in ,

My Life Is Already Hard Under Jubilee And I Blame Raila

Like many other Kenyans, I was taken in by Jubilee’s 2013 promises, which I must admit were well packaged.

When my conscience would not let me support people whose hands were allegedly stained with the blood of innocent Kenyans, I tried to look into the life of my favorite Bible character, David, and force the theory that kings are made in the battlefield. Something in the back of my mind kept reminding me that much as Uhuru Kenyatta tried to identify with the ordinary mwananchi, he is just not your common everyday person.

NASA presidential candidate Raila Odinga during a media briefing at a Nairobi hotel  August 9,2017 where he rejected the elections results saying that they are fraudulent. Photo/HEZRON NJOROGE
NASA presidential candidate Raila Odinga during a media briefing at a Nairobi hotel August 9,2017 where he rejected the elections results saying that they are fraudulent. Photo/HEZRON NJOROGE

 

He was not born into a peasant family as most people born during that time were. He is a prince. How then could we expect him to have solutions for the average mwananchi?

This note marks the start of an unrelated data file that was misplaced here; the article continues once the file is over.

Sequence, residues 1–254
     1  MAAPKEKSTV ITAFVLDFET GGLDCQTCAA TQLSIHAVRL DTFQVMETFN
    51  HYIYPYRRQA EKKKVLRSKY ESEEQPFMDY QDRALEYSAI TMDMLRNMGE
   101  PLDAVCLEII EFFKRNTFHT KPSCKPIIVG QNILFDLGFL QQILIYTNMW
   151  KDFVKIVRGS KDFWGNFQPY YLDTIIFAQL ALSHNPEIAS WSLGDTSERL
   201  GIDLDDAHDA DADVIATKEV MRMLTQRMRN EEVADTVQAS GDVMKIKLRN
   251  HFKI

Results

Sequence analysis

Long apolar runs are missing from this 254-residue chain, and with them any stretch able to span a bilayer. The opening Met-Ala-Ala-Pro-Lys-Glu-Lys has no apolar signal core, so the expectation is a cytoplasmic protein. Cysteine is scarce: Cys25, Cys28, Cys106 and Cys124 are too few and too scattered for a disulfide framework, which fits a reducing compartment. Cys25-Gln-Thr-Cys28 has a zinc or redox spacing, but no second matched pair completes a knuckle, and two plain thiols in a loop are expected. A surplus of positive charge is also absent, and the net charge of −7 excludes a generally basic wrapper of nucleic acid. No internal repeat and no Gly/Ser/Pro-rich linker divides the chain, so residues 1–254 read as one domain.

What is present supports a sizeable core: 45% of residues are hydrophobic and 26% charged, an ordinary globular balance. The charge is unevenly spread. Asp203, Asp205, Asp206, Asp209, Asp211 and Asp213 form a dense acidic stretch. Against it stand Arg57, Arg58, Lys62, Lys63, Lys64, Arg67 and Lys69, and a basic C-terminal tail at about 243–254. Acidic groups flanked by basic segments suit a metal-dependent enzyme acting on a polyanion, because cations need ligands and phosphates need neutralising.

The hustler, William Ruto, on the other hand, despite his tears, had quite a number of scandals in his grass to grace fame, and people laud his tenacity. I watched as the matching attire and smooth talk PR went to Kenyans’ heads. We cannot, therefore, blame NASA, then Cord, for their subsequent loss in 2013.

But in 2017, I blame them entirely for their loss and the current woes Kenyans are facing. Of course, we are to blame for the leaders we elect, but opposition leader Raila Odinga could have done much better and possibly saved us the agony of the increased cost of living, high unemployment rate and corruption, among other problems. He had one job — to package NASA as the Kenyan messiah and, voila! We would be in Canaan. This is opposed to enduring the untold suffering that Jubilee is currently subjecting us to.

Jubilee failed to fulfill many of their promises in their 2013 manifesto. Where they did or made attempts, it was to blind the naïve Kenyans that they were, while they were all along awarding themselves huge tenders at inflated costs, and money kept disappearing in unclear circumstances.

When teachers went on strike, Jubilee invested in a propaganda campaign as opposed to addressing their needs. The teachers surrendered, but their problems persisted. The biggest failure, however, was their indifference to the unnecessary loss of lives of Kenyans as medics went on a prolonged nationwide strike to demand better-equipped health facilities in this country.

By the time Jubilee was halfway done with their term, many Kenyans were tired with them, including in their strongholds.

In central Kenya, one of their largest voting blocs, there was palpable apathy to the extent that Mt Kenya oligarchs invested heavily in mobilising the masses to apply for IDs and register as voters to save “uthamaki.”

NASA should have capitalised on this and swayed the voters to its side. Quite a significant number of youths did not care for the guy who pleaded with them calling them his “jeshi”.